A Meal That Merritts the Miles


We don’t venture beyond state lines much, unless there’s some sort of beach involved. But when an old friend opens up his first restaurant, even those $4.25 gallons of gas shouldn’t prevent you from checking out what they’ve come up with.

And our old pal, Nick Martschenko, seems like he’s onto a good one with South End, across from the New Canaan (CT) rail station, in the space that formerly featured Pine Social.

After doing his time at the CIA in Hyde Park, Nick was sous chef at Gramercy Tavern and then executive chef at i Trulli in Manhattan before relocating up to the wilds of North Stamford, and taking an exec chef title to the Winged Foot club.

I knew him from those Manhattan days. There were a handful of New Year’s Eves when my wife and I did not feel like venturing very far out and dealing with the scourge of imbibing amateurs, and Nick and his wife Erin frequently had us over to their walking-distance place in Gramercy for cocktails, champagne and and some super-tasty apps Nick would effortlessly whip up in their little kitchen.

Now he’s got his own joint, not to mention a much bigger kitchen, with Keith Siskind as GM and partner (Siskind comes from Tarry Lodge). And it’s a good one.

I have fond, if fuzzy, memories of Nick, back in the old Gramercy Tavern days, coming out with a giant tray of exotic cheeses from all over the globe about halfway through our tasting menu experience, and South End’s got a wide assortment of them as well. We tried some tasty Old Chatham Camembert, along with the zesty Manchego; plates of both were priced at $4.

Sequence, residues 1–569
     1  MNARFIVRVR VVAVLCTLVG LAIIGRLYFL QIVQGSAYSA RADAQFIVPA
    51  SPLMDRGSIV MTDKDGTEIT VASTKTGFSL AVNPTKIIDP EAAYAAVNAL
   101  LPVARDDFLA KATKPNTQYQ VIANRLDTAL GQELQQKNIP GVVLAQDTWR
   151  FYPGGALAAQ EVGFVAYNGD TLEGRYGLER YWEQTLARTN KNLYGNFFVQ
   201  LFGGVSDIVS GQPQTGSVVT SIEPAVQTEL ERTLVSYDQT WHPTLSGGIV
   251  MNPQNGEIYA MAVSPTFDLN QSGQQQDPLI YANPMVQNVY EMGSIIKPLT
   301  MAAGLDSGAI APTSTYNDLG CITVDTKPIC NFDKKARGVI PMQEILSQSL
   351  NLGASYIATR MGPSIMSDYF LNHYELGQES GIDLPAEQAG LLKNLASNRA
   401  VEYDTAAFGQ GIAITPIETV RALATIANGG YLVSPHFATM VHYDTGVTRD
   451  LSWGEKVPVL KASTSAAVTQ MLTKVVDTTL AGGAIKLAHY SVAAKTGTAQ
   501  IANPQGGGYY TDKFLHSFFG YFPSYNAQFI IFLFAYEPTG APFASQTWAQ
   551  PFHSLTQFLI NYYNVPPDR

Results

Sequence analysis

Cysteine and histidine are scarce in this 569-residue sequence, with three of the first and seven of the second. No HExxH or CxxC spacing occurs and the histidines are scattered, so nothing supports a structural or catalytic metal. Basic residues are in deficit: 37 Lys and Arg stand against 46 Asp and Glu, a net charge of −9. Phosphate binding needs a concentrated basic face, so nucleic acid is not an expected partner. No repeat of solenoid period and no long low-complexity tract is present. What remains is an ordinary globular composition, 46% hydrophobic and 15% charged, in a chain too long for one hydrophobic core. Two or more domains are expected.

An array of artisanal meats, including Jamon de Serrano and Wild Boar Sausage, sell for $5 a pop.

Among the apps, a Warm Tomato Tart special stood out, as did  Nonna’s Meatballs. A Grilled Fresh Bacon starter, with mustard spaetzle, fruit mostarda and sherry sauce, is a good one to hoard should this reported bacon shortage play out.

My missus got the Diver Scallops, with cream-less “creamed” spinach, roasted cauliflower and black truffle vinaigrette, at $32,  and I had the Grilled Flat Iron Steak–a steak frites with au poivre butter, house ketchup and hand cut fries, in part because my four year old is a french fry connoisseur. That was $29.

The place was packed by around 6:30 last Saturday. Our meal, with some pals from the Nutmeg State, was long and leisurely, which meant we didn’t have time for dessert, outside of the kids wolfing down ice cream.

We’ll have to make that a priority next time–especially the Ricotta Donuts, with lemon cured dipper chocolate sauce and a single shot of espresso, and the Warm Chocolate Cake with mint ice cream (both $10).

South End is upscale, but not outright fancy–we saw no one in sweatpants, which pleases me to no end–and lively but not loud. Entrees run around $30, and we enjoyed some uncommon beers as well–such as a Palm Belgian Ale and a Brown Ale from Charter Oak Brewing Co., based right in New Canaan.

The trip from Mount Pleasant took 30 minutes on the Merritt, and it was worth heading into a foreign state for.

South End is at 36 Pine Street in New Canaan, 203.966.5200, southendnewcanaan.com.


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  1. Wow–Love it. Thank you so much for writing this review. It is much appeciated. Some of the story brough back memories of the old days at the Gramercy appartment. good times. Cheers-Nick

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